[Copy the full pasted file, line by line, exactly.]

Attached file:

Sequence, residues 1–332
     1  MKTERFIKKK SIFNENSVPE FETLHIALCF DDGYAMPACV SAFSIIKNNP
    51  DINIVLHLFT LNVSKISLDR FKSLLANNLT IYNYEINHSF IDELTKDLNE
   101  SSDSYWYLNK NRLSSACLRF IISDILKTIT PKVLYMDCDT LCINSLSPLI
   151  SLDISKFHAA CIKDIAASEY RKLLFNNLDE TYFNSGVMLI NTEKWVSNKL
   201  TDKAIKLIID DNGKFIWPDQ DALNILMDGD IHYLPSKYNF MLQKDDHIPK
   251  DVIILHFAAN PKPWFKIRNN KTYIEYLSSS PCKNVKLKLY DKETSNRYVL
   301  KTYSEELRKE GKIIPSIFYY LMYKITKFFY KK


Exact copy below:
Sequence, residues 1–332
     1  MKTERFIKKK SIFNENSVPE FETLHIALCF DDGYAMPACV SAFSIIKNNP
    51  DINIVLHLFT LNVSKISLDR FKSLLANNLT IYNYEINHSF IDELTKDLNE
   101  SSDSYWYLNK NRLSSACLRF IISDILKTIT PKVLYMDCDT LCINSLSPLI
   151  SLDISKFHAA CIKDIAASEY RKLLFNNLDE TYFNSGVMLI NTEKWVSNKL
   201  TDKAIKLIID DNGKFIWPDQ DALNILMDGD IHYLPSKYNF MLQKDDHIPK
   251  DVIILHFAAN PKPWFKIRNN KTYIEYLSSS PCKNVKLKLY DKETSNRYVL
   301  KTYSEELRKE GKIIPSIFYY LMYKITKFFY KK